Image: Inside the Rabbit Hole shared office space. Credit: Katie Fedosenko.
Insight for Brisbane from Melbourne’s ‘The Coworking Conference’
Coworkers from across Australia gathered to discuss the workspace revolution on 1-2 March in Melbourne.
Dahlia Ishak, founder of The Rabbit Hole Ideation Cafe in Fortitude Valley, met with coworking veterans and novices at the Coworking Conference to bring back ideas for her space and for Brisbane’s coworking community.
The Brisbane coworking scene
In the last five years Brisbane joined the ranks of Australian cities with coworking spaces. Also known as shared offices, coworking spaces offer desks, wi-fi and a community for freelancers, start-ups and businesses.
Salt House was one of the first coworking spaces in Brisbane. Salt House was followed closely by Thought Fort, River City Labs, Silicon Lakes and Water Street Studio. Brisbane coworkers also meet in people’s homes through the Jelly initiative.
Ishak started The Rabbit Hole, a coworking coffee shop, or as she calls it, ‘coffice’, in West End and then moved to Fortitude Valley to open a bigger space and connect with local design students. Currently The Rabbit Hole consists of a cafe on Agnes Street and a house renovated into communal and studio office space directly across from the cafe.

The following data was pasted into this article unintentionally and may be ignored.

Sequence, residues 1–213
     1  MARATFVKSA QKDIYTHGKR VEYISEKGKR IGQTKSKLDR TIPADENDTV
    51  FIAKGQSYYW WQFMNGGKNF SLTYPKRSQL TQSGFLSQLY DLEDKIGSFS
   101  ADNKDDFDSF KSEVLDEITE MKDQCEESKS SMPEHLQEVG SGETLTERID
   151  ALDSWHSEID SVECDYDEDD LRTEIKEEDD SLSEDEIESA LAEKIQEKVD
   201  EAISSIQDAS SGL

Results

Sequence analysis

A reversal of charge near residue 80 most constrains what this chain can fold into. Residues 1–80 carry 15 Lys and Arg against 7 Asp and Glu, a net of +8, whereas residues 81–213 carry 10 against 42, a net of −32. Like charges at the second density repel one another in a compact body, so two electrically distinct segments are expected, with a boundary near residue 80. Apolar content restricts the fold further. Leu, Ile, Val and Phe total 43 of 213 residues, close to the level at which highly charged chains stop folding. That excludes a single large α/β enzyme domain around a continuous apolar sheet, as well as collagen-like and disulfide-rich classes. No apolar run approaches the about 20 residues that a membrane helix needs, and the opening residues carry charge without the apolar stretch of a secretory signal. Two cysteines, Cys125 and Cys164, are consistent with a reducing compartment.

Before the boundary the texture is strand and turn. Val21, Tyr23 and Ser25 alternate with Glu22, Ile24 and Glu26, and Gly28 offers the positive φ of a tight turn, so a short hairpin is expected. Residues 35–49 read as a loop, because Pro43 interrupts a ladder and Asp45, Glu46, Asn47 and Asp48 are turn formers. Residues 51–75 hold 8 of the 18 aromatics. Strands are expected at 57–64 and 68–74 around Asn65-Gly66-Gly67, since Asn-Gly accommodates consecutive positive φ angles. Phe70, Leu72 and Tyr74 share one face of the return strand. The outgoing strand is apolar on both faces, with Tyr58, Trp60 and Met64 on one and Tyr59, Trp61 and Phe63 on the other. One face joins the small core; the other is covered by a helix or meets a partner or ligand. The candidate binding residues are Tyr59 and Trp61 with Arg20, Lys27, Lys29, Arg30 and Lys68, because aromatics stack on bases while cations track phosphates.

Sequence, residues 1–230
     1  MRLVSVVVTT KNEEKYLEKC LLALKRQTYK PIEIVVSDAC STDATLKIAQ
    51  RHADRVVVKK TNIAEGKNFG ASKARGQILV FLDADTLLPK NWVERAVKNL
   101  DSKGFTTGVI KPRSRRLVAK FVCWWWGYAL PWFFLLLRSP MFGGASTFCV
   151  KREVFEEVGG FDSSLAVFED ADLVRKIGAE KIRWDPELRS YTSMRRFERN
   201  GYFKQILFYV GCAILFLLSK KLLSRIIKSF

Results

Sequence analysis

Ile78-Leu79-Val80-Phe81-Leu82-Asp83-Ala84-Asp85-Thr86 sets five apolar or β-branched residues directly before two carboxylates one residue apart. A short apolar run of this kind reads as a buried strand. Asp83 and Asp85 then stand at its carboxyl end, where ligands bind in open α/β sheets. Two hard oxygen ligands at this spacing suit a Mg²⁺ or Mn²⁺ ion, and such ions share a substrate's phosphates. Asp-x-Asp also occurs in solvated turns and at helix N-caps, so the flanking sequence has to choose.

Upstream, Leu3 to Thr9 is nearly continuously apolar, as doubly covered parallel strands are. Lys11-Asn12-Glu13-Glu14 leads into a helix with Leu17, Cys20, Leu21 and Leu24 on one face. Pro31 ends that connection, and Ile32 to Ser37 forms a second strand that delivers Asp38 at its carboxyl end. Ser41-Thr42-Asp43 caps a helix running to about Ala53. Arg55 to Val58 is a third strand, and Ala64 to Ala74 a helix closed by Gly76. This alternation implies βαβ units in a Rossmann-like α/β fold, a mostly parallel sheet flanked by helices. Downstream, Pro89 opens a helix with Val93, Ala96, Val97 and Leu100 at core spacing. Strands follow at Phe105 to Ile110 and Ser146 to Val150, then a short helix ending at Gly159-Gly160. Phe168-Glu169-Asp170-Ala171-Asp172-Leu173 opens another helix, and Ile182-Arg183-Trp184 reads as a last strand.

Insights from the Coworking Conference
At the Coworking Conference Ishak learned that there are two kinds of coworking spaces: the investment-funded and the independent. Investment-funded coworking spaces are backed by companies that invest millions into start-up projects. Independent coworking spaces are funded through tenants’ rent. Ishak’s The Rabbit Hole is partially funded by revenue from the cafe.
She argues that creating a coworking space is more than seeking tenants – it’s about curating a group of professionals. “It’s like having a gallery of people,” said Ishak. “Finding the right people can make or break a space.”
Long-time American and European coworking space managers flew in to share their expertise at the conference. “Shared offices are super prevalent in Europe,” said Ishak. “It’s totally the norm, especially in places like Berlin. Sometimes they don’t even call it coworking. It’s just what everybody does.”
American presenter Tony Bacigalupo from New Work City inspired Ishak. “He was so genuine. You could tell he loved having people together in a productive environment more than anything,” she said. “To him, the most interesting thing is watching collaborations and connections happen organically. When he started six years ago at a Jelly meet-up, he didn’t realize it was possible to work outside of the 9-5 environment.”
One of most important take-aways from the conference for Ishak was a clearer understanding of the amount of work involved in running a coworking space. “As the go-to person, coworking space managers generally don’t have time to do their own work,” said Ishak, a graphic designer.
Despite the hardships, Ishak shares the passion of Bacigalupo for coworking. “It’s a community of people looking for inspiration, energy and connections,” she said.
Since returning from Melbourne, Ishak draws inspiration from Desk Mag, one of the conference partners. She said it’s a helpful publication for coworkers and coworking space managers alike.
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